Cold Water Shock
What is Cold Water Shock
Cold water shock (CWS) is an involuntary response by the body being suddenly or unexpectedly immersed into water which has a temperature of less than 20 °C.
Your body’s reaction to CWS will affect your capability to move and may seriously affect your breathing and heart.
Did you know? The average temperature of the sea in UK and Ireland is around 12 °C
What are the symptoms?
After falling into cold water blood vessels in your skin will close and the output from your heart will rise causing your blood pressure to increase; this will put your heart under strain and could cause a heart attack.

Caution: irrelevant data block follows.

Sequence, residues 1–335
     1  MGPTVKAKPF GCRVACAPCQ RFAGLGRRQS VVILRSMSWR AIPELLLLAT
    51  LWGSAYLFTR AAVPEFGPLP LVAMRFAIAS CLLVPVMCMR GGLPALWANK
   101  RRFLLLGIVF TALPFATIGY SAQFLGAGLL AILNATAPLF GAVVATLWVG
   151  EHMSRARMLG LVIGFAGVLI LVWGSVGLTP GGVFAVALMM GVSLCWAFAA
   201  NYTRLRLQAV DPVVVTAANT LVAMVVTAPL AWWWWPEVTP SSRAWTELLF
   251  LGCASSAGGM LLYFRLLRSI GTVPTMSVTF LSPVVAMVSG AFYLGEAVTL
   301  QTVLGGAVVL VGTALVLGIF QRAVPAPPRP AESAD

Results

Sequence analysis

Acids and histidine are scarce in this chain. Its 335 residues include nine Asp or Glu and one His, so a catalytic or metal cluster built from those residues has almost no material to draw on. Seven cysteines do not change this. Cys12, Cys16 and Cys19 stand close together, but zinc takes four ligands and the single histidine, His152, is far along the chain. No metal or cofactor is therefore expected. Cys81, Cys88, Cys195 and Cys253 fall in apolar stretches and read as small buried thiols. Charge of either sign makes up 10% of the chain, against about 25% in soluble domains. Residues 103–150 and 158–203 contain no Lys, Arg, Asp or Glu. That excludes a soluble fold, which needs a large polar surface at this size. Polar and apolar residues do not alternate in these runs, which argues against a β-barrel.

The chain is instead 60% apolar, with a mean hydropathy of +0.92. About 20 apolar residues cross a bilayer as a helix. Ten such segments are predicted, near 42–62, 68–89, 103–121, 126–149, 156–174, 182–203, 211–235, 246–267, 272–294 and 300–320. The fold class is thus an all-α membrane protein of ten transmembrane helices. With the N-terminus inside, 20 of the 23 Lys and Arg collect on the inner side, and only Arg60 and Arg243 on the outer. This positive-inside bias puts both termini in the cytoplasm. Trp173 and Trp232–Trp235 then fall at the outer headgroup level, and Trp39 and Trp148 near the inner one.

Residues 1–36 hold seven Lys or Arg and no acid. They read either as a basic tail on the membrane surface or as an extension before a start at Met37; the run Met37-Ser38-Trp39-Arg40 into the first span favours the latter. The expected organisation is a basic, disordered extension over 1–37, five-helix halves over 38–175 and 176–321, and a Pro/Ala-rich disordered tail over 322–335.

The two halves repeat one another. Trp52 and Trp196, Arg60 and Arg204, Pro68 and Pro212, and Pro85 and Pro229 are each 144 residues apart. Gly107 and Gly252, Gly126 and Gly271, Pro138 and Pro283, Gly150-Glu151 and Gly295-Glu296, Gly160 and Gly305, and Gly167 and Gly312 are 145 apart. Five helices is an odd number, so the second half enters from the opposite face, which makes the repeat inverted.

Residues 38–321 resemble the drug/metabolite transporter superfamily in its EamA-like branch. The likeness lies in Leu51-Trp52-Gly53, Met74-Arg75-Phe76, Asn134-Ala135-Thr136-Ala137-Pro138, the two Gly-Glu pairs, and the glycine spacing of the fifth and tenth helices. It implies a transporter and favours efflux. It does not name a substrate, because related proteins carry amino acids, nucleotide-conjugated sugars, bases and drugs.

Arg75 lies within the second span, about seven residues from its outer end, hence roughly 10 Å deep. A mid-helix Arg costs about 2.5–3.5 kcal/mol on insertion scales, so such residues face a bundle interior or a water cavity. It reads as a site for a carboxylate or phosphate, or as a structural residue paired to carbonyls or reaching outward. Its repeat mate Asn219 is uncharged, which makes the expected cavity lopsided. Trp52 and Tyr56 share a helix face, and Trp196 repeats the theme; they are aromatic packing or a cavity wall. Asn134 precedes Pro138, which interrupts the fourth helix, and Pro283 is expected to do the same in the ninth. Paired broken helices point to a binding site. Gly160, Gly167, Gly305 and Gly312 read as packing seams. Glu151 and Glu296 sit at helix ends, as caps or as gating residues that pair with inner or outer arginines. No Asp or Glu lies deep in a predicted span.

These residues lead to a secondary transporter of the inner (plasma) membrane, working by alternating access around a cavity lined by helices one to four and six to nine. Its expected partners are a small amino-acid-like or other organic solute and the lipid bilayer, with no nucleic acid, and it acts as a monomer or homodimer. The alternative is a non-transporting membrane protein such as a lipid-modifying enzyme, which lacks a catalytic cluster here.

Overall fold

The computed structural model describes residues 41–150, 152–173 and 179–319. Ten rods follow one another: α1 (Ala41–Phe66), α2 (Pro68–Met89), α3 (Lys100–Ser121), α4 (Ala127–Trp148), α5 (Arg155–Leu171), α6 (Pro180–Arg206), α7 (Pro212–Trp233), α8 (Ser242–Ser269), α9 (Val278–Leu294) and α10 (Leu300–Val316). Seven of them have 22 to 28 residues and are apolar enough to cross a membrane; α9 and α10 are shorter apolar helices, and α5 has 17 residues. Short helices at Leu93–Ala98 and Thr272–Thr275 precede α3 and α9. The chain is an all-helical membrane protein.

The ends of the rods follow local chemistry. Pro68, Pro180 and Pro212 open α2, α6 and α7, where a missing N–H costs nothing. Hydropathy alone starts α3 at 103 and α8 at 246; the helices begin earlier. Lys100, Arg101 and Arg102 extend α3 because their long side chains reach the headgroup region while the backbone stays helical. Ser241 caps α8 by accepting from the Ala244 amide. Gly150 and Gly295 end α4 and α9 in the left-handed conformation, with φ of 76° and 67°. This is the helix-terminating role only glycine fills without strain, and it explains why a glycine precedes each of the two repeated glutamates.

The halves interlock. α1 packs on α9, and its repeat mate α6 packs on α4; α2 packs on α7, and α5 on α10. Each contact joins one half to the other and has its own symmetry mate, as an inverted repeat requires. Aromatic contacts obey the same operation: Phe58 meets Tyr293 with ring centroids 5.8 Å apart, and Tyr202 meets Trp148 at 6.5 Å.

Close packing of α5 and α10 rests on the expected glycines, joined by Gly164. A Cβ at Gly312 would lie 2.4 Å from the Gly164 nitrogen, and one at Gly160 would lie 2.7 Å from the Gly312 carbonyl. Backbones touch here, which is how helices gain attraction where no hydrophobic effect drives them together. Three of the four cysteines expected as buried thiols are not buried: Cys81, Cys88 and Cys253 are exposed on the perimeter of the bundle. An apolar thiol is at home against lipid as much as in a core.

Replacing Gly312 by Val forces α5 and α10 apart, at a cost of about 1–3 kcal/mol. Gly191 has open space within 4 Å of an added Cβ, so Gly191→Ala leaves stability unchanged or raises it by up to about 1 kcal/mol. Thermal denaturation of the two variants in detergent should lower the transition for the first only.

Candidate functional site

The sudden cooling of the skin can also make you gasp involuntarily and increase your breathing rate which can cause you to inhale water panic and drown.
What can you do?
If you unintentionally fall into the water Don’t try to swim straight away.
Fight your instinct to swim hard or thrash about. Try to remain calm, relax, turn onto your back and adopt the float position.
Once floating, and the initial effects of Cold Water Shock have passed (about 90 seconds) call for help and look around for anything which you can use to float or get out of the water.
If you are intentionally in the water for an activity:
Check the weather and conditions before entering the water
Wear a wetsuit or drysuit and a personal floatation device appropriate to the activity you wish to carry out.